I shared the property with four other artists (including our hostess), each of whom had her own cottage, spaced far enough apart from each other that we only saw each other when we wanted to.

Each cottage was sweet and unique, and I'm quite sure each of us believed she had the very best one (but in my case it was true).


Mine was named Viking Court, and I'm pretty sure The Three Bears moved back in after I swept it out and went on my way.


Inside it had the most amazing array of patterns—tile and wallpaper and linoleum and window panes. I couldn't stop taking pictures of the intersections of light and pattern.

Even the giant spider webs under the eaves made beautiful patterns.

I also painted wildflowers and mushrooms and visited the big chestnut tree and went on a tramp with a friend who led a group of land trust docents and swam in the lake every day. I was extra-lucky to have been awarded a week of beautiful sunny weather sandwiched between two rainy weeks.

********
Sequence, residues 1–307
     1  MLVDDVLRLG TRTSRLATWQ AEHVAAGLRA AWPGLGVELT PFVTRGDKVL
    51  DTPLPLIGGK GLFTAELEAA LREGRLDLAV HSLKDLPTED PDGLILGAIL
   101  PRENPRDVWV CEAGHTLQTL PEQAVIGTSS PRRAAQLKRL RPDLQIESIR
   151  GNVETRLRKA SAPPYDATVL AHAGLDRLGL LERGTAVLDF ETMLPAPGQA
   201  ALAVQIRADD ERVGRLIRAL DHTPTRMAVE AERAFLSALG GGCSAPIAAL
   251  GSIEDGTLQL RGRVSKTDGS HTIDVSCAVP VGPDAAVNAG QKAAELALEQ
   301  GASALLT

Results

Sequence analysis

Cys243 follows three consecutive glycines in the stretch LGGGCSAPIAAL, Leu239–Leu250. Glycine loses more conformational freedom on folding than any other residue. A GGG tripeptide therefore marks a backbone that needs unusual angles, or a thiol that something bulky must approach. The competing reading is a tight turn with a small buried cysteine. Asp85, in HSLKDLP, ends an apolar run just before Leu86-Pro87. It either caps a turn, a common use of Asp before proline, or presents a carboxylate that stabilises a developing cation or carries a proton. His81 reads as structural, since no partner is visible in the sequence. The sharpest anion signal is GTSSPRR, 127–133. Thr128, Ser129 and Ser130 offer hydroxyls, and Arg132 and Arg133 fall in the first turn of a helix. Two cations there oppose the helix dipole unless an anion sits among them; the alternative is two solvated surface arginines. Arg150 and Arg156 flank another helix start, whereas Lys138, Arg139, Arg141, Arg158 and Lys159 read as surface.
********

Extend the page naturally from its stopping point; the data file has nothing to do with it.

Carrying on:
I got some work done, too—a full revision of my entire manuscript (handwritten changes on a very thick printout). A lot of work remains to be done (I filled seven pages with notes of things to research), but I feel good about what I accomplished and ready to move on to the next step.

Every day I had a moment where I thought, "E and Z's bus will be here soon…" or "I have to go pick up M from cross country…" or "Is there a soccer game today…" or "It's time to start dinner…" and then I realized…no. I don't have to do anything or go anywhere. I'm not responsible for anyone.


Two weeks have gone by since I left and I'm having trouble believing I ever really was there.



I hope the Three Bears are happy to have it back.

Friday, September 8, 2017

August Reads

Having a single post to cover all I read in 2016 was a bit overwhelming—both to write and, I'm sure, to read. So I've decided instead to do a monthly recap of books I've read, and share a little about each book. For past months, see: